You can find this sentence on the blackboard of every oral exam I have. It may not be the most motivating thing to stare you in the eye when you look up, but to calm their nerves, I offer my students a glass of water.
But what does it refer to? The image you see on your left is a still from Hal Hartley's movie Surviving Desire.
The main character, Jude, is a teacher who has been teaching his students the same paragraph for a month month and a half and most aren't really happy with that.
To show how important, Jude reads that paragraph... again! And asks his students what they make of it. But the same student objects that THEY're the ones who should be asking the questions, not the teacher. "Perhaps," Jude replies, "it's not as important to know the answers as it is to ask the questions better." (Followed by someone noting: "There you see, he told us something.")
Jude is a tragic name, therefore a tragic character, and it's Jude's tragedy to fall in love with one of his students. He loses his control over his temper and a friend and colleague tells him he has a crisis of faith. Once the colleague, Henry, sees Jude is in love, he tells him: "My friend, you are doomed."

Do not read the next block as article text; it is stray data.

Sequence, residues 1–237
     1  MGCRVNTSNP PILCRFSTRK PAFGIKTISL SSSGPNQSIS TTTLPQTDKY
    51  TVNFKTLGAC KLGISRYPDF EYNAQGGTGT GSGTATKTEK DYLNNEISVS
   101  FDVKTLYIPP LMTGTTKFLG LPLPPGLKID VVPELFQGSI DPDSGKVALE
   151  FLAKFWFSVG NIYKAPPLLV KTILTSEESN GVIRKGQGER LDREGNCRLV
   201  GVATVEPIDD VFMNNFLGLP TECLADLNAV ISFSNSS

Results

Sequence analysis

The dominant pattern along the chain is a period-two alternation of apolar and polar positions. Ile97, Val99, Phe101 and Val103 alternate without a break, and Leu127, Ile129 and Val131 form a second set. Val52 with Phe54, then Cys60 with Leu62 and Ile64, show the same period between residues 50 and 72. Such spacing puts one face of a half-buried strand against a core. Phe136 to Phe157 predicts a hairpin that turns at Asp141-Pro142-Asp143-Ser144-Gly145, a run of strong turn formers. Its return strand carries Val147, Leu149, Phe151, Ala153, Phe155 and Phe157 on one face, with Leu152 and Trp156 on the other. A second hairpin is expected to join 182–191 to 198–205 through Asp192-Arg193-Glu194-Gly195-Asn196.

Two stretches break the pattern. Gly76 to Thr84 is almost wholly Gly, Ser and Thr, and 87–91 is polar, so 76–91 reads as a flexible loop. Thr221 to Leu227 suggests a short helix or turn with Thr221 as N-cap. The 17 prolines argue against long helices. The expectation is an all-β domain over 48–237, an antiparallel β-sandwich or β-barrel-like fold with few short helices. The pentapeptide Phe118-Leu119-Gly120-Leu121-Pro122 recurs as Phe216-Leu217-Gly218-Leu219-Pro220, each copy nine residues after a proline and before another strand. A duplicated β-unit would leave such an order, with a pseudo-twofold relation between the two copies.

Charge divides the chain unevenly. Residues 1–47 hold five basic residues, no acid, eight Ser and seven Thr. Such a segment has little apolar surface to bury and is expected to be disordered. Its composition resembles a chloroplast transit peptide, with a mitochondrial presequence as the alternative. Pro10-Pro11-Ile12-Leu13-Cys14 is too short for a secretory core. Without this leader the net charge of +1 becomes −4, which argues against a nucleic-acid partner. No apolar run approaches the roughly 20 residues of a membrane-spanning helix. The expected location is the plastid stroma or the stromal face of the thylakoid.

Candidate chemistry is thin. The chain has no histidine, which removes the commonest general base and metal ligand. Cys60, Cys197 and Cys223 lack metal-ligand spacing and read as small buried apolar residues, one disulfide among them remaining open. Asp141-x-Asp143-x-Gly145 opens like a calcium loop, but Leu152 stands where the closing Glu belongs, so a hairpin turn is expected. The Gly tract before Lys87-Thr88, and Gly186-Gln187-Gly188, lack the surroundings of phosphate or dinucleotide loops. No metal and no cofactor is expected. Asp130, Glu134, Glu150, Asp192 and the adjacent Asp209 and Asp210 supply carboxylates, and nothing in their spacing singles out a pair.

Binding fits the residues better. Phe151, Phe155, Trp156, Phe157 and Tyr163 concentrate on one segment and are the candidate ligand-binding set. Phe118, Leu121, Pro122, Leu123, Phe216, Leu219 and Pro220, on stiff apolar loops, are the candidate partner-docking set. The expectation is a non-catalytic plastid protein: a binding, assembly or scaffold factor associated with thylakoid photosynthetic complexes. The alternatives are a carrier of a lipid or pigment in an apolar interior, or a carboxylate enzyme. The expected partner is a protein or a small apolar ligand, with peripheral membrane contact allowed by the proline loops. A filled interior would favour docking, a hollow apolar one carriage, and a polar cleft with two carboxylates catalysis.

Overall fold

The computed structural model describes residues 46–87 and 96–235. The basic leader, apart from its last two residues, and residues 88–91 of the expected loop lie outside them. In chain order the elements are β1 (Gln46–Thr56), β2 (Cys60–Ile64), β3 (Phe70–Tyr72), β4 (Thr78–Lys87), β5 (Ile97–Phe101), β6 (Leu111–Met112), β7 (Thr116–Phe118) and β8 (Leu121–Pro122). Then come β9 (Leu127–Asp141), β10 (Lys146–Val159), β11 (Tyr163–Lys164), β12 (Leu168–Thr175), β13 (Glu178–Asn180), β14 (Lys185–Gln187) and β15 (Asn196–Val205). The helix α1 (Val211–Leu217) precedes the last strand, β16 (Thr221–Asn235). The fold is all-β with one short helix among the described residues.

Jude's student Sofie also feels something for him. He visits her in the bookstore where she works.
Jude and Sofie often has similar discussions. At one point she confronts him with his flaws, later he exposes hers.
In the end Jude and Sofie spend a night together. The next morning she disappears, out of his apartment and out of the relationship.
Jude is left behind, in pain and with Henry coming over with advice and the request to use Jude's toaster.
I haven't told you everything about the movie, so there's still a lot you can discover if you'd like to see this hour long picture yourself.
From the beginning of the film you know that ultimately Jude and Sofie won't end up together. While she's working at the bookstore, he's lying on the ground.
I showed this film in the first school I ever taught. They didn't understand why I showed them the film. Only nearly half of the class liked the film. (Some wanted to see Sofie and Jude still get together. Hey, maybe everyone wants to see a tragedy with a happy end.)
So apart from a showing on a big (!) screen in my first school, the message KNOWING IS NOT ENOUGH on the blackboard of my exams and the fact that this is one of my favourite films, is there more reason why I spend an entry on Surviving Desire?
Yes, I always hated the prospect of being a teacher. Standing in front of 20 people who really don't give a toss about what you're telling them. But my disapproval of how I'd been taught and this film made me change my mind.
Perhaps it is indeed not as important to know the answers as it is to ask the questions better.
Surviving Desire is out in Europe (VHS) and America (VHS/DVD).
The Kurtodrome Vault is part of the Kurtodrome.